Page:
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  1. #21
    belfastdispatcher's Avatar
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    Quote Originally Posted by Bob Marvin View Post
    "Thanks for the update, I thought all the Bs were 6X6 and the C were 6X9 and the D were 4X5 "

    I think Omega was a bit inconsistent with their "B" and "C" designations; there were "C" 6 X 9 models early on and, I think, later "C" 6 X 7 models.

    "I think it's a B-7; on my B-8 the lift lever to raise the head off the negative stage is located on the opposite side (left side looking from the front)."

    My B-8 has the lift lever on the right also; I think it was moved to the left on later production machines.

    Also, my B-8 came without a filter drawer, but I was able to get one, and the part that holds it, from a partial B-8 being sold for parts on eBay. It's not essential, but I do prefer it to an under the lens filter holder.

    There are too things I especially like about this enlarger, compared to others I've owned:

    1. The inclined column, which makes it easier to print larger

    2. The rotating negative carrier, so that the image I'm printing can always be laid out horizontally on the baseboard–no need to rotate or re-set the easel.

    Also, it's really sturdy; pretty much like a 4 X 5 Omega D-2, but 1/3rd smaller.
    1. I never realised that until now

    2. That's one of my favourite things about it too


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  2. #22
    belfastdispatcher's Avatar
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    I never paid attention to this before but it looks like some sort of conversion has been done to the light.


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  3. #23
    Bob Marvin's Avatar
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    Yes, and it looks like a very good job. Whatever bulb it now takes, I'd suggest getting several extras. I fear that incandescent light bulbs are really on their way out–a good thing for the environment, but a possible problem for specialized uses, where CF or LED bulbs can't be substituted.

  4. #24
    belfastdispatcher's Avatar
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    The lens that came with it, the other one is the same only 75mm. Good or bad, what do you think?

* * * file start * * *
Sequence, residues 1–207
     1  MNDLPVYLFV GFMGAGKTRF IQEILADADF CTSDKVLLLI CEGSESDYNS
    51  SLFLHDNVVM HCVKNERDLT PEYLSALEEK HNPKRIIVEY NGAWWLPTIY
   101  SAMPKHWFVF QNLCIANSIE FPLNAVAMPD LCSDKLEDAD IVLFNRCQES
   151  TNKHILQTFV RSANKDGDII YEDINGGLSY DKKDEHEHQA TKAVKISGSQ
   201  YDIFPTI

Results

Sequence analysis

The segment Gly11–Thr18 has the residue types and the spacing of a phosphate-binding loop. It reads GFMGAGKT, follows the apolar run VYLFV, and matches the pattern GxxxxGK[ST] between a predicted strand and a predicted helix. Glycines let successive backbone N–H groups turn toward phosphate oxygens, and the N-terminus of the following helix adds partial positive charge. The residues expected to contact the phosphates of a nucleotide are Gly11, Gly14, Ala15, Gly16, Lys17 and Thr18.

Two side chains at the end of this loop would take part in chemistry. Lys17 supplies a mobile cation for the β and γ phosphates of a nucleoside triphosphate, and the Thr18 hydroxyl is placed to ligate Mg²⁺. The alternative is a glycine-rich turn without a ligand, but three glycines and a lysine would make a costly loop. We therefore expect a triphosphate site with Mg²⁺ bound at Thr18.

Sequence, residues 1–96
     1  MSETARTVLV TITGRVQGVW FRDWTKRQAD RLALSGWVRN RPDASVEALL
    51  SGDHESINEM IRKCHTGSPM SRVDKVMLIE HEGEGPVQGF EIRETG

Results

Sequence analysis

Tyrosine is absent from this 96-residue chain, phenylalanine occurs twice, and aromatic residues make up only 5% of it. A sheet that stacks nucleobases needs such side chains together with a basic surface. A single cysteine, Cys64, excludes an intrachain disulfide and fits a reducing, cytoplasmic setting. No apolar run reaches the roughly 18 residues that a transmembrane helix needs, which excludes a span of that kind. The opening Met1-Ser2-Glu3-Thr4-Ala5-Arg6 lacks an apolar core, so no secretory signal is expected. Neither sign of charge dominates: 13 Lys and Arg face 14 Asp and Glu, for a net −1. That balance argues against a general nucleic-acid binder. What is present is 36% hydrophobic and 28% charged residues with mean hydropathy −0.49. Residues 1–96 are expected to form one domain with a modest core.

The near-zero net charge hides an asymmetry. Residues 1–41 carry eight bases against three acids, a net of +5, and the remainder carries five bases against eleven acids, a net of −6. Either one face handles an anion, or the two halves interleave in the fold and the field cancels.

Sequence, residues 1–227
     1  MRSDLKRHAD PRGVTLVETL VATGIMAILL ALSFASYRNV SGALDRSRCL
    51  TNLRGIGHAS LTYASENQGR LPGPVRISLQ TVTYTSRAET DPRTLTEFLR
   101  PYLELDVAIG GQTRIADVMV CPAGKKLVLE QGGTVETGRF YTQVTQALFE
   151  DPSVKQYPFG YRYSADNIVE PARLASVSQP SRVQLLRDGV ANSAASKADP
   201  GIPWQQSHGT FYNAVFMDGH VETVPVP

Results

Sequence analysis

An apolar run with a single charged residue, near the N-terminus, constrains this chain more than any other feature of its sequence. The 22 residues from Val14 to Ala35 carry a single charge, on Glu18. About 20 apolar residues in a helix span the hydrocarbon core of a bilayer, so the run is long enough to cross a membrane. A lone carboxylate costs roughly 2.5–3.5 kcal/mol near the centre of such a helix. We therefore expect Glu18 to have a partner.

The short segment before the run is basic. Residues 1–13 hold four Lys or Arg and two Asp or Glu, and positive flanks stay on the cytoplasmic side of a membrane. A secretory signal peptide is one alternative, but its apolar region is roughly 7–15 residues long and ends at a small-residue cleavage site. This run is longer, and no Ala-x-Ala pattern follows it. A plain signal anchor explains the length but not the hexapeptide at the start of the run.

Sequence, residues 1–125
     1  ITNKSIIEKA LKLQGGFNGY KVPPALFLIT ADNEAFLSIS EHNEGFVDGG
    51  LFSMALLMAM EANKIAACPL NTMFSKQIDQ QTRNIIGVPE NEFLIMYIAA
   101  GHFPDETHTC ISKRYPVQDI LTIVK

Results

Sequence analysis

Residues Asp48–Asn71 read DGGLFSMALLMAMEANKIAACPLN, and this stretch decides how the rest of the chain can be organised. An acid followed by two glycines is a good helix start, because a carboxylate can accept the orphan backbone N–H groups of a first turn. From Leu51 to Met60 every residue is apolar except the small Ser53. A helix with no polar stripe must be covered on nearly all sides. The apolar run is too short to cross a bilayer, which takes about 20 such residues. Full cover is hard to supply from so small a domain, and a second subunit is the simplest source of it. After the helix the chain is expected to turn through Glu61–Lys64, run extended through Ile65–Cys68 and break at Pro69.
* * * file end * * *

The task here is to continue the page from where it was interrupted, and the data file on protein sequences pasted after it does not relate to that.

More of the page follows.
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  5. #25
    ic-racer's Avatar
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    Quote Originally Posted by belfastdispatcher View Post
    The lens that came with it, the other one is the same only 75mm. Good or bad, what do you think?







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    Ok for small enlargements and to get started printing.

  6. #26
    Bob Marvin's Avatar
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    Wollensak enlarging lenses, as opposed to their camera lenses don't have a great reputation. I vaguely recall reading long ago that their were serious errors in their design. However I used a 90 mm Enlarging Raptar for 6 X 9 negatives for a while and it seemed fine. You might as well try them.

    If you ever decide to buy better six element lenses (Schneider Componons, Rodenstock Rodogons, El-Nikkors, etc) they're usually available used for pretty low prices. The lens discs for the Wollensak lenses have openings smaller than the 39 mm that's standard now, but you can easily enlarge them with a round rat-tail file if you don't want to look for 39 mm discs.

  7. #27
    belfastdispatcher's Avatar
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    Quote Originally Posted by Bob Marvin View Post
    Wollensak enlarging lenses, as opposed to their camera lenses don't have a great reputation. I vaguely recall reading long ago that their were serious errors in their design. However I used a 90 mm Enlarging Raptar for 6 X 9 negatives for a while and it seemed fine. You might as well try them.

    If you ever decide to buy better six element lenses (Schneider Componons, Rodenstock Rodogons, El-Nikkors, etc) they're usually available used for pretty low prices. The lens discs for the Wollensak lenses have openings smaller than the 39 mm that's standard now, but you can easily enlarge them with a round rat-tail file if you don't want to look for 39 mm discs.
    So would any more modern lens would work if I can get it to fit? I have a mate with I lathe and I'm sure he can sort something out for me.




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  8. #28
    Bob Marvin's Avatar
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    Yes, newer lenses would work fine. I use a 50mm f2.8 El-Nikkor, a 60mm f 5.6 Schneider WA Companon, an 80 mm f4 Rodenstock Rodogon, and a 105 mm f5.6 Rodenstock Rodogon with my B-8.

    Omega lens discs with a 39mm opening are available; the B-8 uses the same disc as the D-2 and they're plentiful, at least in the US, but it's easy to enlarge the openings in the discs you already have. Still. you may be happy with the Wollensaks and they're worth trying.

  9. #29
    fotch's Avatar
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    The Wollensak enlarging lenses should be fine to get started with. If you start doing lots of large prints, then a better/newer enlarger lens may be of interest to you. Good Luck
    Items for sale or trade at www.Camera35.com

  10. #30
    PDH
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    I have later model Wollensaks, 50 mm, 90mm 135mm the rapiar and a 160 (sp?) these are 4 element lens all are sharp at F 8, but just very slow and rather dim. I tend to newer lens like a 50mm 2.8 Minolta but at times I just like the looks of the Wollensaks.

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